British Museum’s Ming Exhibition – November Highlights

Gold. About 1400–50. Nanjing or Beijing. © Trustees of the British Museum
Gold. About 1400–50. Nanjing or Beijing. © Trustees of the British Museum

The BP exhibition at the British Museum explores the years 1400 – 1450, a pivotal 50 year period that transformed China during the rule of the Ming dynasty. Bureaucrats replace military leaders in the hierarchy of power, the emperor’s role changes from autocrat to icon, and the decision is taken to centralise, rather than devolve, power. The exhibition includes rare loans of some of the finest objects ever made in China, shedding light on this important part of world history that is little known in Europe. China’s internal transformation and connections with the rest of the world led to a flourishing of creativity from what was, at the time, the only global superpower.

November Highlights 

Thursday 6 November

Clarissa von Spee, British Museum, introduces some examples of Chinese painting from around the 14th to 16th centuries, with a focus on the early Ming dynasty.

Friday 7 November

Come and listen to extracts ofshengguan music – exquisite and plaintive instrumental music that accompanied Buddhist and Daoist rituals throughout northern China.

For over twenty generations until the 1950s, the monks of the Zhihua temple (‘Temple of Wisdom Attained’) were the most prestigious transmitters of this music in Beijing. The performers tonight learnt from the last generation of elderly former monks. Introduced by Stephen Jones, specialist in ritual music in northern China, the music features guanzi(oboe), sheng (mouth organ), dizi (bamboo flute) and yunluo (ten small pitched gongs mounted in a frame).

Saturday 8 November

A Ming secret policeman defends the dynasty against his traitorous boss, in this film which interrogates Hong Kong directors’ previous metaphoric use of the late Ming. Donnie Yen and Vicki Zhao Wei star in this action blockbuster.

Friday 14 November

Zheng He (1371–1433) is a crucial character in the early Ming period.

Between 1405 and 1433 he led seven official missions from China to kingdoms around the Indian Ocean, from Southeast Asia to East Africa. In this lecture, Elizabeth Lambourn, De Montfort University, Leicester, paints a picture of the hugely varied cultures Zheng He encountered during these voyages.

Experience the pleasures of the early Ming court in this evening of performance, demonstrations, talks and workshops. Catch a set of Kunqu opera from The Peony Pavilion, meet China’s first giraffe on the 600th anniversary of its arrival at the imperial court, join a Qi Gong demonstration, listen to zither performances and practice the art of calligraphy among other courtly delights!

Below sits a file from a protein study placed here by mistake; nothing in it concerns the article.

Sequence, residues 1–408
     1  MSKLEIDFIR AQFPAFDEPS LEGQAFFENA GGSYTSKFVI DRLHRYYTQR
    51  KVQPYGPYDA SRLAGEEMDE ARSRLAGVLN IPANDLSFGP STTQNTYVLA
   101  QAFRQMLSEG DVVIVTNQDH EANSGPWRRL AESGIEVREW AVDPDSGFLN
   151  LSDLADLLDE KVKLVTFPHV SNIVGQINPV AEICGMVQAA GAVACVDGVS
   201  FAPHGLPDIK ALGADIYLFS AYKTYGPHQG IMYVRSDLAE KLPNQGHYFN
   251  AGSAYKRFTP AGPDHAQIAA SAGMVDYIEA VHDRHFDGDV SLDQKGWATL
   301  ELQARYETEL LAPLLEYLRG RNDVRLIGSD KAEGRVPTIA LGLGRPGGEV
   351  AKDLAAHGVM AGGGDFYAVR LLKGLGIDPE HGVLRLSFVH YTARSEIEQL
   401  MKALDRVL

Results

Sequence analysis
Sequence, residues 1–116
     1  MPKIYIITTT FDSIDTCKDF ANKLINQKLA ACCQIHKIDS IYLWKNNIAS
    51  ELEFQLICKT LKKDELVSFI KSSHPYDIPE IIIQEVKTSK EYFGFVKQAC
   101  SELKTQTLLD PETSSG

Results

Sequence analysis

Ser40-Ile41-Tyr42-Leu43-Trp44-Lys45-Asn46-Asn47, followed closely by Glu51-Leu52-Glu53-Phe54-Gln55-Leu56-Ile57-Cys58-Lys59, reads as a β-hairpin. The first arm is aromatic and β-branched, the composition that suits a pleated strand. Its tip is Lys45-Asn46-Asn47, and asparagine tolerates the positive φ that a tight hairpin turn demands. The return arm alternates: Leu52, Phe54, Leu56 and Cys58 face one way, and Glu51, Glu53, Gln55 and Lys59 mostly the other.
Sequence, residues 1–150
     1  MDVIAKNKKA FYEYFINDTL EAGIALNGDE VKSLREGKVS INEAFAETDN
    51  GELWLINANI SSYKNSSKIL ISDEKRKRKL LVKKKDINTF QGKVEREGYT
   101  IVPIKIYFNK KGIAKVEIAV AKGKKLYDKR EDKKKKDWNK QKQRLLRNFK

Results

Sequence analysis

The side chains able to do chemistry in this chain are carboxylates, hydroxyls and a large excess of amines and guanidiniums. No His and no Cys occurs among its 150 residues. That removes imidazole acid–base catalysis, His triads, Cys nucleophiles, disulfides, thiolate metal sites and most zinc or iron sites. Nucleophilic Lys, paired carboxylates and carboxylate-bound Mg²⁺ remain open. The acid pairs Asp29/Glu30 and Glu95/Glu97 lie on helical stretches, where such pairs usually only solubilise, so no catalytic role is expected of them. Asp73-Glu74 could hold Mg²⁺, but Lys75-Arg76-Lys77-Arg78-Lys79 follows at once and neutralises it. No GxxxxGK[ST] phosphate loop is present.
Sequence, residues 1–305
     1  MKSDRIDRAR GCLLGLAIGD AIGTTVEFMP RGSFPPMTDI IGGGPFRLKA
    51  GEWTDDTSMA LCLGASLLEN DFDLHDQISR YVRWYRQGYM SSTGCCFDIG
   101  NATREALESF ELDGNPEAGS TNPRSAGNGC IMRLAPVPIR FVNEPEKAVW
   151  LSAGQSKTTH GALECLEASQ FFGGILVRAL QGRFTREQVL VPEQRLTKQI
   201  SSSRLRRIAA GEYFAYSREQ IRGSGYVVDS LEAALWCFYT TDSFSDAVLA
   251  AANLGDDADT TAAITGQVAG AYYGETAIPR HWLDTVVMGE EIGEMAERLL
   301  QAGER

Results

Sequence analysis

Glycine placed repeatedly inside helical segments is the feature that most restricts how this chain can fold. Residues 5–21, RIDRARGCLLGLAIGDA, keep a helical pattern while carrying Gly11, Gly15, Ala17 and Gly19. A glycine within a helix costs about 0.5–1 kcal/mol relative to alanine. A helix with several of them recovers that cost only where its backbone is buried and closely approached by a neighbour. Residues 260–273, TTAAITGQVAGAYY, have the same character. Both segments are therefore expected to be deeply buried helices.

Fuchsia Dunlop, award-winning cook and food writer specialising in Chinese cuisine, explores regional dishes that have roots in the Ming period, tracing tastes and techniques from early 15th-century Chinese recipes.

Fuchsia is the author of four books, includingShark’s Fin and Sichuan Pepper: A Sweet-Sour Memoir of Eating in China and Every Grain of Rice: Simple Chinese Home Cooking. Her work has appeared in the Financial Times, Observer Food Monthly and the New Yorker, and she consults for Barshu restaurant in London.

Saturday 15 November

Project Curator Yu-Ping Luk gives a 45-minute illustrated introduction to the BP exhibition Ming: 50 years that changed China. This event will be BSL interpreted.

Wednesday 19 November

A gallery talk by Mei Xin Wang, British Museum.

Friday 21 November

It can be argued that the early Ming period was China’s ‘Renaissance’. Radical change in governance and the ruling class, economic boom, cultural achievements, and Zheng He’s great international sea voyages, all developed in parallel with the achievements of the European Renaissance.

Chaired by Dora Thornton, Curator of Renaissance Collections at the British Museum, this discussion will examine the early 15th century from eastern and western perspectives, and will include panellists Craig Clunas, Exhibition co-Curator and Professor of the History of Art, University of Oxford, Tian Yuan Tan, Reader in Chinese Studies, SOAS, and Evelyn Welch, Professor of Renaissance Studies, King’s College London.

Friday 28 November

A gallery talk by Alexandra Green, British Museum.

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